FILE: Bloomberg Best Of U.S. President Donald Trump 2017 - 2020: U.S. President Donald Trump embraces his family during the 58th presidential inauguration in Washington, D.C., U.S., on Friday, Jan. 20, 2017. Our editors select the best archive images looking back at Trumps 4 year term from 2017 - 2020. Photographer: Pat Benic/Pool via Bloomberg

U.S. President Donald Trump embraces his family during the 58th presidential inauguration in Washington, D.C., on Jan. 20, 2017.

Photo: Pat Benic/Pool/Bloomberg/Getty Images

There’s a lot to criticize about former President Barack Obama, his track record in office, and the liberal establishment, of which he remains a champion. Given America’s current reckoning with race in public life, his new memoir, “A Promised Land,” highlights something separate yet important: the incredible difference in ability between two individuals, Donald Trump and Barack Obama, who were both entrusted by the American people with the same immensely important job.

For all his faults, as any reader of his memoir is immediately reminded, Obama is an uncommon genius. To have risen to such heights in the United States, as a Black man with a Muslim name, no doubt required him to be extraordinary. Trump, meanwhile, a beneficiary of hereditary wealth and status, was richly rewarded with the same prestigious position, notwithstanding his obvious unfitness.

This subtext screams out throughout the pages of “A Promised Land.” The two consecutive presidents could not be more different men. And given how Trump’s political career got started — by spreading a xenophobic conspiracy theory about Obama — it also seems clear that race had something to do with it. Obama does not spend much time directly discussing his experience of race while in office, but, to the extent that he does, he makes a convincing case that the anti-intellectual populist movement now known as Trumpism began in part as a racial backlash to his own presidency — specifically, Trump’s conspiratorial campaign to establish that Obama had been born in a foreign country and was thus ineligible to hold office.

“Birtherism,” as it was called, grimly illustrated that there was something about having a Black man named Barack Hussein Obama as president, no matter how competent and capable, that simply caused a large number of Americans to completely lose their minds. It’s not clear that people who went down that rabbit hole ever came back.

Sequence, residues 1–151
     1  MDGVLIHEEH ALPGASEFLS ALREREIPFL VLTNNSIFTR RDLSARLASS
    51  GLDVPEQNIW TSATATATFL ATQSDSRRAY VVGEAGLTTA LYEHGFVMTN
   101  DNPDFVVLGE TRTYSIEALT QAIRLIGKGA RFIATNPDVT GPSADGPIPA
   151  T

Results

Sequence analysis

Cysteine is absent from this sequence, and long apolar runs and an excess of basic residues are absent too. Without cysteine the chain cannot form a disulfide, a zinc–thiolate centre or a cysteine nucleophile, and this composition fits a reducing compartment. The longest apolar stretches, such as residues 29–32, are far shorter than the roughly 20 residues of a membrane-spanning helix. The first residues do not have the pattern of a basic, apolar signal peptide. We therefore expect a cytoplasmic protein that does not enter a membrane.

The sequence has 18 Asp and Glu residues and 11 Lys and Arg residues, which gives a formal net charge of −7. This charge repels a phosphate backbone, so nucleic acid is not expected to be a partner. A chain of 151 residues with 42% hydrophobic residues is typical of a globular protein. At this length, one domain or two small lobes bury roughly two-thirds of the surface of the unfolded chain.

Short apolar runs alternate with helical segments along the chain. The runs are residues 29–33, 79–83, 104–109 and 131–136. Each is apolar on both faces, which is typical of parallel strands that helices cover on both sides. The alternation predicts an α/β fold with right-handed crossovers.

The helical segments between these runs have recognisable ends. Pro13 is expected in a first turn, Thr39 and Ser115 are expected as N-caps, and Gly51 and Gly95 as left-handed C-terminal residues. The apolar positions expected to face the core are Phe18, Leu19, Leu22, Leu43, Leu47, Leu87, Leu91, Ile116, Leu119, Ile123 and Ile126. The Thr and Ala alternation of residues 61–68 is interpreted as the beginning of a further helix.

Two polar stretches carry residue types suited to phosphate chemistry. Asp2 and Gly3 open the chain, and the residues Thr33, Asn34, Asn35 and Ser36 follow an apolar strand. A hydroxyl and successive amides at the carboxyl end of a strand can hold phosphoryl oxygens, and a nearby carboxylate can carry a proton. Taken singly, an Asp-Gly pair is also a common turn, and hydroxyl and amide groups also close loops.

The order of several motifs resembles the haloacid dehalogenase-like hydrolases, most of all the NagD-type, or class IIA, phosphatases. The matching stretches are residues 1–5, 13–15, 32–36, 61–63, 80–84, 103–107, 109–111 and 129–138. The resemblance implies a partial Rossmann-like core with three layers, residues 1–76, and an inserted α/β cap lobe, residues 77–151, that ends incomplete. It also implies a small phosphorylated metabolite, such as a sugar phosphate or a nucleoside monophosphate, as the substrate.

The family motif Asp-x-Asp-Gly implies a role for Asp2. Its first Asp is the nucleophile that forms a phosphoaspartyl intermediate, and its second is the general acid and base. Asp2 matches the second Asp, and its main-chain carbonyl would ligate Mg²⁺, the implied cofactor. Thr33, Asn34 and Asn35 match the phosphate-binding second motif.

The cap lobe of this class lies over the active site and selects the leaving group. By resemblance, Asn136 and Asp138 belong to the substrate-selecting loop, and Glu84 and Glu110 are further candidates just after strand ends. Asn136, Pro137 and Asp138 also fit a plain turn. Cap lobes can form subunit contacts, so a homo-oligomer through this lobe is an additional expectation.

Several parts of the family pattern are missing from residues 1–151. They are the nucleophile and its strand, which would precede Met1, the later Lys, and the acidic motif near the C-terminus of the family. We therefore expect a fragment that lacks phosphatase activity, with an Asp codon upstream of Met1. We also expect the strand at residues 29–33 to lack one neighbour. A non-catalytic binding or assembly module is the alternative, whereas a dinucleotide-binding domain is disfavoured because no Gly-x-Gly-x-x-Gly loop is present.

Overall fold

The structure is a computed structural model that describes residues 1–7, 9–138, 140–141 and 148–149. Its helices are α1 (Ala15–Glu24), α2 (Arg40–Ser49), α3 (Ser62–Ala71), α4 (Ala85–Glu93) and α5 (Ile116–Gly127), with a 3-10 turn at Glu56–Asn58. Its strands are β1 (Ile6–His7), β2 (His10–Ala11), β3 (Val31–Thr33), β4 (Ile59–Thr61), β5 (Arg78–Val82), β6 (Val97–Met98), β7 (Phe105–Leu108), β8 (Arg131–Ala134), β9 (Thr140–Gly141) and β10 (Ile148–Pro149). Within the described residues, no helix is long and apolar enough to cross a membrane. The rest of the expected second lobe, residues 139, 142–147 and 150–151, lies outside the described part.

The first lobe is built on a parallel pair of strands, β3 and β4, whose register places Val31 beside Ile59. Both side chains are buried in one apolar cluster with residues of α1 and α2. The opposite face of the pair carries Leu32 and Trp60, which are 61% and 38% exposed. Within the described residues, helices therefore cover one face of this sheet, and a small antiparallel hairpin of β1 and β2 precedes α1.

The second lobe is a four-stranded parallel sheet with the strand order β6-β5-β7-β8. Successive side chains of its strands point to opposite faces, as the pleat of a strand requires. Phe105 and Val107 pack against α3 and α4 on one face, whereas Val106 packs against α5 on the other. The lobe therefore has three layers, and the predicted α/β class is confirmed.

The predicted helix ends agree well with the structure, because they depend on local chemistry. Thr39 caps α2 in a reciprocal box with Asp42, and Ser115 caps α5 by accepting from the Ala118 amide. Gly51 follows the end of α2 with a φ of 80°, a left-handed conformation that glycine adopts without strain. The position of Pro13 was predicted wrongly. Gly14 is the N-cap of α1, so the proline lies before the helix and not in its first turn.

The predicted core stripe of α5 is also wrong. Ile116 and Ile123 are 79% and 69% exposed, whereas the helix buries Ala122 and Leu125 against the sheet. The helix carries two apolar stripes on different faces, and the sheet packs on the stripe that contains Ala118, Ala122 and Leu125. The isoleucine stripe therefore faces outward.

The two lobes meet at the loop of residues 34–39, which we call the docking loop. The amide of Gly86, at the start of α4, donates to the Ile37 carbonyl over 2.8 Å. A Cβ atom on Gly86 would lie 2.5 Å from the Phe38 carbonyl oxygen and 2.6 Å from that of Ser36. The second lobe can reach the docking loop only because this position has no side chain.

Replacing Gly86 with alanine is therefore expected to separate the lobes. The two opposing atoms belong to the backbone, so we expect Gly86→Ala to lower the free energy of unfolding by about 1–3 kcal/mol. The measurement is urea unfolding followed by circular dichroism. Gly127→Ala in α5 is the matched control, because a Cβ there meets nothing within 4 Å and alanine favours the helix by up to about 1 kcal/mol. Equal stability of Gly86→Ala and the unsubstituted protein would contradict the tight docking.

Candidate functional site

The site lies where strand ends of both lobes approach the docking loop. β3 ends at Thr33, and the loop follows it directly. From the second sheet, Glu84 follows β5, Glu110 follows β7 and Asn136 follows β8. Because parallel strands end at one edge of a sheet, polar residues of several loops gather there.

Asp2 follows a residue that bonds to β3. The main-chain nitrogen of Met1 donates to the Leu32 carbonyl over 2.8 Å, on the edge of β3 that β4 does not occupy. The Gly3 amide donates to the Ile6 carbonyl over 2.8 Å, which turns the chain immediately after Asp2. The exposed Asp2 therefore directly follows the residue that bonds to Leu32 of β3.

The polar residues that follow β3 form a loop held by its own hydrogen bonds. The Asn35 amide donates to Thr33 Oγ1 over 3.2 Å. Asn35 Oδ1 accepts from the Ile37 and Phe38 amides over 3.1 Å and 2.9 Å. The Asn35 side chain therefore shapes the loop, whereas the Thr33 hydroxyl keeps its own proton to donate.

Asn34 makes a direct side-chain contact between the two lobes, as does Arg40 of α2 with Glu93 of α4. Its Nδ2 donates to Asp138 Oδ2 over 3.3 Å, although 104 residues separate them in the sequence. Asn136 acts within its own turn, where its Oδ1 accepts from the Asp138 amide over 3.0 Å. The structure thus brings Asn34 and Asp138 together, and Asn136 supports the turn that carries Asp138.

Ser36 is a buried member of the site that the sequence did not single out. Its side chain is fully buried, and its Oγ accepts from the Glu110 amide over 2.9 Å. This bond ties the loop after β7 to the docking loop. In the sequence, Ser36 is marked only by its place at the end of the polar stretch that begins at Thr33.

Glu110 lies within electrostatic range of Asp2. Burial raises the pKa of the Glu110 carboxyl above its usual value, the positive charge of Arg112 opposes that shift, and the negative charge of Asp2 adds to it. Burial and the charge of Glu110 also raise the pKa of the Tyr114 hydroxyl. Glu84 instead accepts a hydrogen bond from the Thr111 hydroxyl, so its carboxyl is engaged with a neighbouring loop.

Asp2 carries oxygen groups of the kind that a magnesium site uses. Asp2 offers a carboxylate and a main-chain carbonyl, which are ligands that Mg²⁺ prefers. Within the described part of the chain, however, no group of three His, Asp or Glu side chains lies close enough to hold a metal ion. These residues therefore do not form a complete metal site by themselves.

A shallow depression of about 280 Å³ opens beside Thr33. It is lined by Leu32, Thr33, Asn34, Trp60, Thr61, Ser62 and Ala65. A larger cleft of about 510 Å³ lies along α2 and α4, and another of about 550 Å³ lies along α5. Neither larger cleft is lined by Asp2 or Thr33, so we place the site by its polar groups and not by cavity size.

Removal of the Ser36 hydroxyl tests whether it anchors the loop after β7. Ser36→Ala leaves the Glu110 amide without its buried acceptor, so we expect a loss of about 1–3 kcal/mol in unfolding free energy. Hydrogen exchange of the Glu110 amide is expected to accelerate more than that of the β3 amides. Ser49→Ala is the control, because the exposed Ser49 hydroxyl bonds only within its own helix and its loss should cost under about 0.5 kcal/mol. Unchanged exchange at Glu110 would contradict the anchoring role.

The overpowering insanity of the past five years has drowned out most memories of the “birther” episode that Obama recounts in his book. Looking back, the conspiracy theory and all that went along with it feels like a disturbing early warning sign of the terrifyingly unstable course that U.S. politics had begun to chart. Beginning around early 2011, Trump began publicly questioning Obama’s place of birth, but he also went much further. Trump cast aspersions on Obama’s intelligence, suggesting that his grades, concealed in unreleased college transcripts, must have been poor and that the erudite writing of his previous book, “Dreams From My Father,” meant that a ghostwriter must have penned it.

This was ugly stuff. It was also popular, building Trump’s news media profile and kickstarting his successful political career. The media at the time mostly didn’t endorse Trump’s theories. Yet, in a pattern that would disastrously repeat during his 2016 election campaign, outlets also couldn’t get enough of his wacky sensationalism, providing wall-to-wall national publicity for the future president free of charge.

“Birtherism” grimly illustrated that there was something about having a Black man named Barack Hussein Obama as president that simply caused a large number of Americans to completely lose their minds.

At the behest of his advisers, Obama writes in his memoir that he tried to downplay potentially divisive racial issues in his rhetoric and focus on unifying messages. As the Trump-orchestrated birther frenzy heated up during Obama’s first term, the president reflected on a hostile reaction to his presidency that was no longer merely about politics. In some quarters of the American public, there was an “emotional, almost visceral” feeling, Obama writes, that “the natural order had been disrupted” by the election of a Black man like him to the presidency. Not all, or even most, conservative opponents of Obama endorsed these sentiments, but the enthusiastic response to the conspiracy theory clearly suggested something deeply troubling was taking place. The emergence of the proudly ignorant Sarah Palin onto the national political scene as John McCain’s possible vice president was an early sign that things were cracking up. Trump, though, proved best at tapping the vengeful and paranoid sentiments that were ready to erupt beneath the surface of American political life, riding them all the way to the White House.